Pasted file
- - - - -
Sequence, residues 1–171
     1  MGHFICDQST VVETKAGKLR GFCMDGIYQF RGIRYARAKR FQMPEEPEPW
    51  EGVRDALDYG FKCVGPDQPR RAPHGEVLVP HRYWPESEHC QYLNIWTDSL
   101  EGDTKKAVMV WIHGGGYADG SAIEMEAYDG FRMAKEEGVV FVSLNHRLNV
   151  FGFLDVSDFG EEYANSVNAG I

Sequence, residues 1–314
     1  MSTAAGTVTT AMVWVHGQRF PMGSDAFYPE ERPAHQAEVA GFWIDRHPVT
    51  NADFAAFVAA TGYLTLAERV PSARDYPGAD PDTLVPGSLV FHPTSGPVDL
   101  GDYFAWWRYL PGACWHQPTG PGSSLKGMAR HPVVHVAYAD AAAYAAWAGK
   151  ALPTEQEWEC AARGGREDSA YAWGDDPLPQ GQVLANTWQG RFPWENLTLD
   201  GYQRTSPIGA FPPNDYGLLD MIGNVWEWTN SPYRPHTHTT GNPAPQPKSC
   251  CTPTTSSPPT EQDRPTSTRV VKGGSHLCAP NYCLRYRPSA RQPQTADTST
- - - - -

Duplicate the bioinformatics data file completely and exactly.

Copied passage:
Sequence, residues 1–171
     1  MGHFICDQST VVETKAGKLR GFCMDGIYQF RGIRYARAKR FQMPEEPEPW
    51  EGVRDALDYG FKCVGPDQPR RAPHGEVLVP HRYWPESEHC QYLNIWTDSL
   101  EGDTKKAVMV WIHGGGYADG SAIEMEAYDG FRMAKEEGVV FVSLNHRLNV
   151  FGFLDVSDFG EEYANSVNAG I

Sequence, residues 1–314
     1  MSTAAGTVTT AMVWVHGQRF PMGSDAFYPE ERPAHQAEVA GFWIDRHPVT
    51  NADFAAFVAA TGYLTLAERV PSARDYPGAD PDTLVPGSLV FHPTSGPVDL
   101  GDYFAWWRYL PGACWHQPTG PGSSLKGMAR HPVVHVAYAD AAAYAAWAGK
   151  ALPTEQEWEC AARGGREDSA YAWGDDPLPQ GQVLANTWQG RFPWENLTLD
   201  GYQRTSPIGA FPPNDYGLLD MIGNVWEWTN SPYRPHTHTT GNPAPQPKSC
   251  CTPTTSSPPT EQDRPTSTRV VKGGSHLCAP NYCLRYRPSA RQPQTADTST